the fame chirping note common to almoft all of this genus : but
Linnaeus obferves, that the laft-defcribed fings remarkably well,
and is met with among the reeds.
WHITE-
HEADED M.
Pipra Leucocephala, Lin. Syfi. i. 340.
N° S.—Muf Adolph. ii. p. 33*.
but the bill ftronger.    Th
f H I S is the fize of a Wagtail,
whole head is white: the reft of the body black : about the
mouth are feveral pretty ftrong briftlies.
Inhabits Surinam*
WHITE-
THROATED M.
Description.
Pipra Gutturalis> Lin. Syfi. i. p. 340. N" 10
Le Manakin a gorge blanche, Brif. orn. iv.
Buf. oif. iv. p. 421—PI. enl. 324. f. i
Br. Muf.
,444. N° 2. pi. 36. f. I.—-
T ENGTH three inches eight lines. Bill four lines and a
half; the upper mandible blackifh; the lower white : the
whole body is of a fine polifhed fteely black, except the fore part
of the neck and throat, which are white: fome of the middle
quills are alfo more or lefs white on the inner webs : legs and
claws red.
Inhabits the hotter parts of America.
Biprft- M   A   N   A   K   I   N,
S*$
Pipra aureola, Lin, Syft. i. p. 339. N° 7.
Le Manakin rouge, Brif. orn. iv. p. 452. N° 6. pi. 34. f. 3.—Buf. oif. iv.
p. 415.—PL enl. 302. f. 2.
Red and black Manakin, Edw. pi. 261. f. 2.
Br. Muf,
TE N G T H three inches three quarters. Bill half an inch,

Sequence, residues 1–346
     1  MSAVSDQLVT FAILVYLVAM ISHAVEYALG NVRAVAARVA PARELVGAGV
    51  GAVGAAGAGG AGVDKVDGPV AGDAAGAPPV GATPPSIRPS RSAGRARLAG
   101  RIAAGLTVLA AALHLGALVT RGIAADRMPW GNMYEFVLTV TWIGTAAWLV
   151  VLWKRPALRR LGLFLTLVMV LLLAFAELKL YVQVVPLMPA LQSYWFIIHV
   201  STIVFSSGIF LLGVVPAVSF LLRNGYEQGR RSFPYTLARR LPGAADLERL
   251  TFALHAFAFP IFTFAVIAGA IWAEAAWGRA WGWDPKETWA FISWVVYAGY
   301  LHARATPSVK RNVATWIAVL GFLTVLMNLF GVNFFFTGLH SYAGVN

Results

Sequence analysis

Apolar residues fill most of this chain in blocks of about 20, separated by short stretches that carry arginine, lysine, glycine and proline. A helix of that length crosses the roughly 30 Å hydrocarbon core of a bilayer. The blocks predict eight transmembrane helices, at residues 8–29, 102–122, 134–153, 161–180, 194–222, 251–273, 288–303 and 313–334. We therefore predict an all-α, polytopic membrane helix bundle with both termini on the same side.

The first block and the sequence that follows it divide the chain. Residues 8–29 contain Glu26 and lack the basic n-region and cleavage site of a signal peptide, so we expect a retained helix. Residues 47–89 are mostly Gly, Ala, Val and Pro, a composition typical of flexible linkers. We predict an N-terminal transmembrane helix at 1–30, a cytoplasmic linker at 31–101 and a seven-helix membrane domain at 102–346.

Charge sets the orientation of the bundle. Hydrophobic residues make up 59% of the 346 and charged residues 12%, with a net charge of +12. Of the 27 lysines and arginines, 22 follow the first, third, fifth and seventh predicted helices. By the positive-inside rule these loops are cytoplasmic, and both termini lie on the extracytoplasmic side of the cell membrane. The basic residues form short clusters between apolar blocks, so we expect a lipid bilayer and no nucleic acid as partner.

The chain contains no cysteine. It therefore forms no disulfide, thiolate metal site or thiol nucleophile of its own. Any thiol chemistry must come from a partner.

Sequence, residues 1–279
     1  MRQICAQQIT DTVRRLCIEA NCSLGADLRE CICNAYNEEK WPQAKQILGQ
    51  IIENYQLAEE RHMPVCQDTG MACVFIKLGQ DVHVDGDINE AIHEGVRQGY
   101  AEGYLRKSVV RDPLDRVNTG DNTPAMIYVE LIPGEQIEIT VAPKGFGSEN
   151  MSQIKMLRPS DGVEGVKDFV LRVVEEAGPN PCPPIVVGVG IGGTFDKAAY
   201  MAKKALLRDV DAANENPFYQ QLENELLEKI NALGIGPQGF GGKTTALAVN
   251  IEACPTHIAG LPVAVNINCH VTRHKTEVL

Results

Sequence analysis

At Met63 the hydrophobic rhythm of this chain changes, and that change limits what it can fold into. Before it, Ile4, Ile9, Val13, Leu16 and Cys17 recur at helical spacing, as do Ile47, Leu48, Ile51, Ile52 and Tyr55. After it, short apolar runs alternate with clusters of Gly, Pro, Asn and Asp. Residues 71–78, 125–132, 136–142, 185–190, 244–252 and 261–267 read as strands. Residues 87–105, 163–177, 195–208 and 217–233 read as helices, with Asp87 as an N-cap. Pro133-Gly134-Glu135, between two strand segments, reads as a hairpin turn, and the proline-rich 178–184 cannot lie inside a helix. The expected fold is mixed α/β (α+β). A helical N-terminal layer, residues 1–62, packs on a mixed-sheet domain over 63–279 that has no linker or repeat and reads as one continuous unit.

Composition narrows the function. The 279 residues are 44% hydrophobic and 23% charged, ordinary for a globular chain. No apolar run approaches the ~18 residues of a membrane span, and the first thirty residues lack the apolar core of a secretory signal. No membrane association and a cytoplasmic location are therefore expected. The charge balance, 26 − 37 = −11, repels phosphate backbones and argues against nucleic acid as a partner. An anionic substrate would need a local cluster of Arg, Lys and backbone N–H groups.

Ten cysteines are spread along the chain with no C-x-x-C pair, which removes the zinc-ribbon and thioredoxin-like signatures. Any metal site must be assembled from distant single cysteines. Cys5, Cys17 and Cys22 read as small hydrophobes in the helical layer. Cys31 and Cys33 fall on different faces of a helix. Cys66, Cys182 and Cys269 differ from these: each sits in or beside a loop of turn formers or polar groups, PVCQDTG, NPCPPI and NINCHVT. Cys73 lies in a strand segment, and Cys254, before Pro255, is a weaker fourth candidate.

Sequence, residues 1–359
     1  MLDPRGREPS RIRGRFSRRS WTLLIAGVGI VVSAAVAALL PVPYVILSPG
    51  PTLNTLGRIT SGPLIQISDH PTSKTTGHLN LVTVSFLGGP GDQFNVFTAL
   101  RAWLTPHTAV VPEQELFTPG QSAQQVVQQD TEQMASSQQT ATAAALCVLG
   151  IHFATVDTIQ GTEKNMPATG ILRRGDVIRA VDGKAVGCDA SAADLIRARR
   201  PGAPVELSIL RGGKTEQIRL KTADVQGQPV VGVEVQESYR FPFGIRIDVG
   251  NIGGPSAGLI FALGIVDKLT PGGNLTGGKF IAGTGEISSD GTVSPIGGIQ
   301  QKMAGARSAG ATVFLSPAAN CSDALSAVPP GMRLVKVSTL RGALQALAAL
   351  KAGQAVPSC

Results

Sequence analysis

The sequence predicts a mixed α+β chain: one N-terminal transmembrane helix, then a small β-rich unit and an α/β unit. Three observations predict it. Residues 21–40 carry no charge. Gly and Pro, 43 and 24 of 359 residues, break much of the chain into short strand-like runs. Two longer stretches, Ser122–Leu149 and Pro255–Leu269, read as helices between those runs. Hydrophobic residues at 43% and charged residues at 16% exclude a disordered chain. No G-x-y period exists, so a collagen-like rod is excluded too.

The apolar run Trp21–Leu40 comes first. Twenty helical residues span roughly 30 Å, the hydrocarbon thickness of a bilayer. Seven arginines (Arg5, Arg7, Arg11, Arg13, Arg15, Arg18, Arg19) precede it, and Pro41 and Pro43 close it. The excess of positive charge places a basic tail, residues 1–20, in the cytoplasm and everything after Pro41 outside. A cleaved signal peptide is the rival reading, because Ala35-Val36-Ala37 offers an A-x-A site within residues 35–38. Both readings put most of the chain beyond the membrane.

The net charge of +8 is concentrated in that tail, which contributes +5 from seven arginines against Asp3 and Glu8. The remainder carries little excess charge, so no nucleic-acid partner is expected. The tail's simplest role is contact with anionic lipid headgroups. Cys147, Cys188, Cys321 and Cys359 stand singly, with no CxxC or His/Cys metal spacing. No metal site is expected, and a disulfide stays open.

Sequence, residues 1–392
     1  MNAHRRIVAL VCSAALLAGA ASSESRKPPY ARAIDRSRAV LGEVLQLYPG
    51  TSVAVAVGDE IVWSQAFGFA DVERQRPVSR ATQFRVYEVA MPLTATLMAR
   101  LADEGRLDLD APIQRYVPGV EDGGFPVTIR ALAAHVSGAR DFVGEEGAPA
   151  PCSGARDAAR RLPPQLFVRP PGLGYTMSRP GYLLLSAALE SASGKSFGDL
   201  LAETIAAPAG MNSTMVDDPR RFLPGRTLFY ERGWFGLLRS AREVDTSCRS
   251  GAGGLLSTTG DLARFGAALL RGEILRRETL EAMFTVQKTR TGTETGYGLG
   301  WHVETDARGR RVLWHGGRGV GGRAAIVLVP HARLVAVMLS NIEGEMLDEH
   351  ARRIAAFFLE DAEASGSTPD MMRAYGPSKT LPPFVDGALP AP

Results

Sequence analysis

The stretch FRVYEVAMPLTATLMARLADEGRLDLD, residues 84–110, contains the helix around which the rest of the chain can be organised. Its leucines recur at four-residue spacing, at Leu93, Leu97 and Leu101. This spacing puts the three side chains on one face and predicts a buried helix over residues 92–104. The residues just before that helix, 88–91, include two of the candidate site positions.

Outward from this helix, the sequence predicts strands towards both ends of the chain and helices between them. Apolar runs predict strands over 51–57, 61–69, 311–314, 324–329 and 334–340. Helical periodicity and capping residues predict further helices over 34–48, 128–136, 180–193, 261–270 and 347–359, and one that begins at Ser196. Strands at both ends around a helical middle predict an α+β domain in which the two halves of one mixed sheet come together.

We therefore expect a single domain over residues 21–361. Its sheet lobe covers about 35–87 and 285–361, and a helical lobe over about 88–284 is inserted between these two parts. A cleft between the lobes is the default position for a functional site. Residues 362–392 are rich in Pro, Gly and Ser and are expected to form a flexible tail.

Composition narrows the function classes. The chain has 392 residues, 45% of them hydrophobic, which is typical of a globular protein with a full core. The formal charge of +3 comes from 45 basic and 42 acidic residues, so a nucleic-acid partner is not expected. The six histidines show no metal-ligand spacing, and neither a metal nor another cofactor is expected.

and black ; the bafe of it furrounded with orange: head,
neck, throat, and breaft, crimfon (in fome orange): back,
rump, fcapulars, upper wing and tail coverts, belly, and fides,
black, with a glofs of polifhed fteel: the middle of the belly
inclines to red * : thighs grey: on the wings is a white fpot 1
beneath them yellow : legs and claws red.
The upper part of the body of the female is olive, with a mere
trace of red furrounding the head like a crown: the under parts
of the body olive yellow : the reft as in the male. Young birds
have' the whole body of an olive-colour, except the head,
throat, breaft, and belly, which are marked with red fpots.
This fpecies is very common at Guiana, the moft fo of all of
this genus.
RED AND
BLACK M.
Pipra aureola, (3. Lin. Syft. 1. p. 339. N° 7. g
Le  Manakin orange, Brif. orn. iv. p. 45-4. N° 7.—Buf. oif. iv. p. 417.— Var, A.